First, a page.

Earlier this month, in a split decision, the New York State Supreme Court, Appellate Division 3rd Department, ruled that the NYS Department of Environmental Conservation (DEC) must halt planned construction of a trail intended for snowmobile and hiker use.
"This ruling is a severe setback to the people of New York State, and interferes with those who choose to enjoy the stated purpose of the great state park: outdoor recreation and forest preservation in harmony," said Stephen J. Acquario, executive director of the New York State Association of Counties (NYSAC).
On behalf of its Adirondack Counties, NYSAC today stated their support for the goals of this DEC trail program, and urged the Governor, the State Attorney General, and the DEC to appeal the decision.
By statutory and constitutional authority, the DEC designs, constructs, and maintains all trails in Adirondack Forest Preserve. The DEC creates trails with two main principles in mind: maintaining the integrity of the Adirondack Forest Preserve and allowing for sustainable access into the preserve for the public to enjoy. In 2014, in keeping with this tradition, the DEC began construction of a 27-mile trail to be used by snowmobiles in the winter and by hikers in the other seasons. DEC's goal was to protect the Forest Preserve by minimizing existing environmental concerns and overuse on unofficial trails. Accordingly, this project would move existing snowmobile trails to the edge of the Forest Preserve and away from areas that are more susceptible to damage.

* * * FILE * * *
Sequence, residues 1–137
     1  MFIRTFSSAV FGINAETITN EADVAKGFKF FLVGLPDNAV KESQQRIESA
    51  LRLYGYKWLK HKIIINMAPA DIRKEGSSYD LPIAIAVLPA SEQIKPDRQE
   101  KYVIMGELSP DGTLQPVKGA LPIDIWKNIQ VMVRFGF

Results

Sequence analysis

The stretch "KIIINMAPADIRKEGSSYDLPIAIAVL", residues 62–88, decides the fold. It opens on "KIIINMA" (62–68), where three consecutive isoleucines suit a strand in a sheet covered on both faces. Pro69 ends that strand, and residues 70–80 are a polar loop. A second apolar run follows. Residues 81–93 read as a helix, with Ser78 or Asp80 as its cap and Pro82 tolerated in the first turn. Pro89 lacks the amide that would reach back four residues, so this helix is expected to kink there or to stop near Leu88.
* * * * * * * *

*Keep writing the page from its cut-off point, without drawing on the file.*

The NYS Constitution's forever wild protection provisions regarding the land within the Adirondack Park states "...nor shall timber be sold, removed or destroyed." This recent decision redefines "timber" to include tiny trees and brush, less than three inches in diameter - which had been the usual and customary standard of timber.
NYSAC agrees with the dissenting opinion, which defines this project to be reasonable under the Constitution because the trail is limited in its small tree removal and "[w]hatever the advantages may be of having wild forest lands preserved in their natural state, the advantages are for everyone within the [s]tate and for the use of the people of the [s]tate."
"Ultimately, the new trail would promote and maintain the integrity of the Adirondack Forest Preserve by promoting access along a carefully constructed, sustainable trail, planned through environmental forestry management principles by expert staff at the DEC. These professional forestry principles would minimize the environmental impact while also stewarding and preserving public lands for the public to enjoy. We urge the state to appeal to a higher level of authority," said Acquario.